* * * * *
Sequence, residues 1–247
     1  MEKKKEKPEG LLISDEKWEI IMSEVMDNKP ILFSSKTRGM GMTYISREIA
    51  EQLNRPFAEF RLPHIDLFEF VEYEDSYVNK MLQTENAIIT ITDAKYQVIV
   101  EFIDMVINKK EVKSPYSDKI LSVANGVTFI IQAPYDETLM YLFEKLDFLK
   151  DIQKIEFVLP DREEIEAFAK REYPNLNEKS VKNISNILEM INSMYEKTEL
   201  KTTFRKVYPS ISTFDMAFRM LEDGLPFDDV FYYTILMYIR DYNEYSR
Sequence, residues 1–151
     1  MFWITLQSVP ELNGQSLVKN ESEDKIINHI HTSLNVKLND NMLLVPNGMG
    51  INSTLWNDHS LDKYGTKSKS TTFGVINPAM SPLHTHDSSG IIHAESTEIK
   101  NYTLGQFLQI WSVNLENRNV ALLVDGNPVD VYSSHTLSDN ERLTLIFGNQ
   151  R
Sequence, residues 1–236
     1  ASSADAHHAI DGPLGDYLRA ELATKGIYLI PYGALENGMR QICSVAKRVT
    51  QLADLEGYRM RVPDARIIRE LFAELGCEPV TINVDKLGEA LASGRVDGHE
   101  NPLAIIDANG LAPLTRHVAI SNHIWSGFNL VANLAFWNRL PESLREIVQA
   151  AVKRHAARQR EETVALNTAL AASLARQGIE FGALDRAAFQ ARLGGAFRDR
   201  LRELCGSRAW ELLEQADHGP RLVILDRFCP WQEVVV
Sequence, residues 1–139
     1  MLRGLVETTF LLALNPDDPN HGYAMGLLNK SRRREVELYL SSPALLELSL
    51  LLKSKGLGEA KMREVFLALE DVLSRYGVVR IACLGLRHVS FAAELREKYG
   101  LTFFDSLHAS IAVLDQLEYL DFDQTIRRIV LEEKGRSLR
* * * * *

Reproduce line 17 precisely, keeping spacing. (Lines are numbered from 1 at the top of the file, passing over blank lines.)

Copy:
   201  LRELCGSRAW ELLEQADHGP RLVILDRFCP WQEVVV